The diverter 18 supplies hot and cold water to and receives blended water from the pressure balancing mixing valve housing 38 having radially opposed raised ribs 40, 42 respectively, enclosing hot and cold water inlets 44, 46, respectively, each of which is connected to a corresponding water conduit in the diverter by a stub tube 47 extending between the inlet and the conduit in the diverter and sealed against leakage by packing 48 around the tube and retained/compressed by nut 50. In other embodiments, such as when the stub tube is precision molded for self-sealing, the diverter may not include packing to seal against leakage.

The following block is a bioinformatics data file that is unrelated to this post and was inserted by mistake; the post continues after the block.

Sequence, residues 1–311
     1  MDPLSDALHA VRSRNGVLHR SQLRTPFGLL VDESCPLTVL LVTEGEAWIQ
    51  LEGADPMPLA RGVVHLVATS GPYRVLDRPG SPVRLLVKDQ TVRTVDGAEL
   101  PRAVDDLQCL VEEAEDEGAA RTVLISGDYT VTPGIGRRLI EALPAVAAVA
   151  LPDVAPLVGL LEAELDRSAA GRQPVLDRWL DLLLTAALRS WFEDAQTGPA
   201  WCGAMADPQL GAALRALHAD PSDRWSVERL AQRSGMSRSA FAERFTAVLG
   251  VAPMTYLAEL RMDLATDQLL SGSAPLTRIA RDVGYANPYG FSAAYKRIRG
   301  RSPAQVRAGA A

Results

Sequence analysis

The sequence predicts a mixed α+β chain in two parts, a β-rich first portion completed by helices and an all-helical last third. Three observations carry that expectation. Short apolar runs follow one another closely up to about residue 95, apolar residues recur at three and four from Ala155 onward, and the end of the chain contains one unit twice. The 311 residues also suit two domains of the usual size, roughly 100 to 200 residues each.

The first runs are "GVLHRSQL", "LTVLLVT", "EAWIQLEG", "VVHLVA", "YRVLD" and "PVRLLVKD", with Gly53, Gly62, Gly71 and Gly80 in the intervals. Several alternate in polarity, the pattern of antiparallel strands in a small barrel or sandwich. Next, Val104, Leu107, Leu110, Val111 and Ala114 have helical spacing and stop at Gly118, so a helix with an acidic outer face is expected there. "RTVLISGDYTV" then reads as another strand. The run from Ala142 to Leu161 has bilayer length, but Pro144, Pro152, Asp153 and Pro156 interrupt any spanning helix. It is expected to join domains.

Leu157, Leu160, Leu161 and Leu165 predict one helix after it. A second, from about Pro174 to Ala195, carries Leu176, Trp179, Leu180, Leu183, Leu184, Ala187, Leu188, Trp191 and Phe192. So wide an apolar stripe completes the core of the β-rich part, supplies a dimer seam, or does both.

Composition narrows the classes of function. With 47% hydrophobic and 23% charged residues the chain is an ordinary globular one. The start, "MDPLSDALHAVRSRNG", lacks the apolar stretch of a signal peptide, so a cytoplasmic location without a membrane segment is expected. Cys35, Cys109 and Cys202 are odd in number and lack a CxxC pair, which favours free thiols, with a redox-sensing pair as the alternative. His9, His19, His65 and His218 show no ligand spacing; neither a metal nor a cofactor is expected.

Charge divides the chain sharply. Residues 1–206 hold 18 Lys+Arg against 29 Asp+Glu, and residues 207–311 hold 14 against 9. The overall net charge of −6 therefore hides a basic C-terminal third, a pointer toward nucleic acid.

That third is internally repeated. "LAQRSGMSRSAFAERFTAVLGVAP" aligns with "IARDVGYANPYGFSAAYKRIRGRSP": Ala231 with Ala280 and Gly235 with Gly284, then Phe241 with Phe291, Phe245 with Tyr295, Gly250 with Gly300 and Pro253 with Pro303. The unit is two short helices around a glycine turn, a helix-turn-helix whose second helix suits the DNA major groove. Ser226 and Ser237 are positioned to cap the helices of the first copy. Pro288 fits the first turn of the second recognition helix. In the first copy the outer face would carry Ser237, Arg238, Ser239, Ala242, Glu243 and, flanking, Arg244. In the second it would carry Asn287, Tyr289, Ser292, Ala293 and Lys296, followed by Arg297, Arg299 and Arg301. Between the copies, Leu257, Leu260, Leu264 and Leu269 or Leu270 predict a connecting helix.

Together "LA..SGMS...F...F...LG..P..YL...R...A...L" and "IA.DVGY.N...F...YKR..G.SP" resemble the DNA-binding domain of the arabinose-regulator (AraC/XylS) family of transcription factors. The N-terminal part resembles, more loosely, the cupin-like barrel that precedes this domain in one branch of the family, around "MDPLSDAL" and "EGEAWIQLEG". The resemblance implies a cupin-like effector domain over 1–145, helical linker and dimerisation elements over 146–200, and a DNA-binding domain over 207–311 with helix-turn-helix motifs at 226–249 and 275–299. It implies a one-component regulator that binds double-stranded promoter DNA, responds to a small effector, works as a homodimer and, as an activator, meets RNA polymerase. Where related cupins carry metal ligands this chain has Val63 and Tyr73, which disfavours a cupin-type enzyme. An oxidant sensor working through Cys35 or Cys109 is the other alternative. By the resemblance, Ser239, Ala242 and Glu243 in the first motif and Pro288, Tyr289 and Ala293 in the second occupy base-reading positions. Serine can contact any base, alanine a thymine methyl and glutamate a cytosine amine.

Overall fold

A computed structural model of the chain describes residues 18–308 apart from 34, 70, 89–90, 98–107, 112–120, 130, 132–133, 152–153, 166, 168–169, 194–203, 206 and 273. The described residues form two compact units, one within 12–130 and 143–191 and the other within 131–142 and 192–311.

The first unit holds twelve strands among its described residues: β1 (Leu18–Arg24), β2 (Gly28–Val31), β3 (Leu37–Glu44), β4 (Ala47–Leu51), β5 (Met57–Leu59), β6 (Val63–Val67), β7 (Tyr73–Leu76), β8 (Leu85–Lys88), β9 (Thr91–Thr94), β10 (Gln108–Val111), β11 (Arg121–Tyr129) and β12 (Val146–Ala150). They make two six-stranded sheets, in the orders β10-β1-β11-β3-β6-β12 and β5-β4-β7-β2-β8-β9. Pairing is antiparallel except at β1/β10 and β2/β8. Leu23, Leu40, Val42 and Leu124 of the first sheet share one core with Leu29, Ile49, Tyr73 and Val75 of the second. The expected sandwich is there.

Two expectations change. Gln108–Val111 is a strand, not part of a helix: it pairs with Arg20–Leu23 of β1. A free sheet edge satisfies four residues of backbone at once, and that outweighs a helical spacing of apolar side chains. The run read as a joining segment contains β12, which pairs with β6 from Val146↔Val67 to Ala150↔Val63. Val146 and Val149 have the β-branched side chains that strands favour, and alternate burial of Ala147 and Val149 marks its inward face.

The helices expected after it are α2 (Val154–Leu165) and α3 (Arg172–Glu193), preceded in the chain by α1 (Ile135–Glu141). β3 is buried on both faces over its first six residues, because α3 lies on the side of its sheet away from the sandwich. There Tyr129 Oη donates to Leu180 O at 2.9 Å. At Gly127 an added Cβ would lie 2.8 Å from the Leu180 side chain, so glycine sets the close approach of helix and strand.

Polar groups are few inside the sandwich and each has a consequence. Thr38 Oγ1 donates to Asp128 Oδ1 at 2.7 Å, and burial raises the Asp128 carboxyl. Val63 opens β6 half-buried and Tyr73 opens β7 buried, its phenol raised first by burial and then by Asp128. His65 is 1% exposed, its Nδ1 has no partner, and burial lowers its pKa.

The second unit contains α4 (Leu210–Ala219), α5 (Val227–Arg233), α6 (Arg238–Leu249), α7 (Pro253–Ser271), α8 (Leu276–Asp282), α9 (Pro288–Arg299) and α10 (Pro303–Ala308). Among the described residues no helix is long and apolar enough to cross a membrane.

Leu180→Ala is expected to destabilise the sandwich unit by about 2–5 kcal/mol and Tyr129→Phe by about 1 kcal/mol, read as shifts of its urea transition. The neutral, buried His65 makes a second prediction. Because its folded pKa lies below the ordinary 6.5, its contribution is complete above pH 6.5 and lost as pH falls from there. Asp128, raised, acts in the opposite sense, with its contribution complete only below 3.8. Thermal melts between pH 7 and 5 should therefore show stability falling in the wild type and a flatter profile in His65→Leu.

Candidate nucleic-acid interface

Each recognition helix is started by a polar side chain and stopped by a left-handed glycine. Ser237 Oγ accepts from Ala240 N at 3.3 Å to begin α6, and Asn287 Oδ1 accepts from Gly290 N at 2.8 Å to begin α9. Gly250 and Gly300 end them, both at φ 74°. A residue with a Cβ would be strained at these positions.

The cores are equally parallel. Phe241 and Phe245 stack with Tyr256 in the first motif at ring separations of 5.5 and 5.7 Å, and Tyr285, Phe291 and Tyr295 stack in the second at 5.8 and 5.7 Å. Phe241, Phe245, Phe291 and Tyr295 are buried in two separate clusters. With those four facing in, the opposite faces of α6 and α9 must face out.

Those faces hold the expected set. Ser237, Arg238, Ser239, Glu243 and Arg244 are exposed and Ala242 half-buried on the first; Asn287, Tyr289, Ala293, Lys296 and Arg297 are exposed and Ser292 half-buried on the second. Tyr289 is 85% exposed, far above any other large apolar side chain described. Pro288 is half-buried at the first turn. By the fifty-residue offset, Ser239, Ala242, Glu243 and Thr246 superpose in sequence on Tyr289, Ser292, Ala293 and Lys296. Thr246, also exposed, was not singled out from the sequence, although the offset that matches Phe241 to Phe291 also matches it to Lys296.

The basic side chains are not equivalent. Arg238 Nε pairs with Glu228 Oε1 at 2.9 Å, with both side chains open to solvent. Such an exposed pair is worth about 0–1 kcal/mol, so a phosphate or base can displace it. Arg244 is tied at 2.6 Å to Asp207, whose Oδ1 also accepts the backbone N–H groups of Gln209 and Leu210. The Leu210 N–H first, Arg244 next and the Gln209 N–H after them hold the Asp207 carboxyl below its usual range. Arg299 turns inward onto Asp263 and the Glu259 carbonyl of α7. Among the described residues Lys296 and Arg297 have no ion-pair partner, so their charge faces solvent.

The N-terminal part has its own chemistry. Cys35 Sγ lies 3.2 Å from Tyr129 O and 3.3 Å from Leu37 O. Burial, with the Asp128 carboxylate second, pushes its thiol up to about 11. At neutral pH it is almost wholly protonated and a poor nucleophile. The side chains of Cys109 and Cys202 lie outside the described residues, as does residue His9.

As best seen in FIG. 4, inlets 44, 46 terminate in elongated openings 49, 49 to the central bore in the valve body 38. This ensures communication with the inlets 52, 54 inside the raised sealing ribs 56 surrounding the partially flat inlets areas on opposed sides of the pressure balancing cartridge 58. The pressure balancing is done inside the cartridge 58 and the details of this balancing mechanism are unimportant to this invention. Suffice it to say, there is a sleeve inside the cartridge which controls flow and the ratio of hot to cold water. The sleeve also houses a sleeve which moves in response to the hot and cold water pressures acting on the spool. If one pressure becomes higher than the other, the spool acts to throttle or reduce the higher pressure by closing the flow path as necessary until balance is achieved and the selected mixing ratio (which translates as the output temperature) is restored. This works very fast and the bather does not notice any change. The pressure balancing is fast and sure and will maintain the outlet temperature constant ±2°. Shaft 76 extends from a sleeve inside the cartridge and is turned to select the blending ratio of the hot and cold water and also to start or shut off flow. The hot and cold water leaves the cartridge through the cartridge ends (hot on right and cold on left in FIG. 4) in the proper ratio, mixes and goes out port 60 and through conduit 62 which turns to the center of body 38 to communicate with the central axial bore 34 in diverter 18. The joint between the diverter and body 38 is sealed by O-ring 64.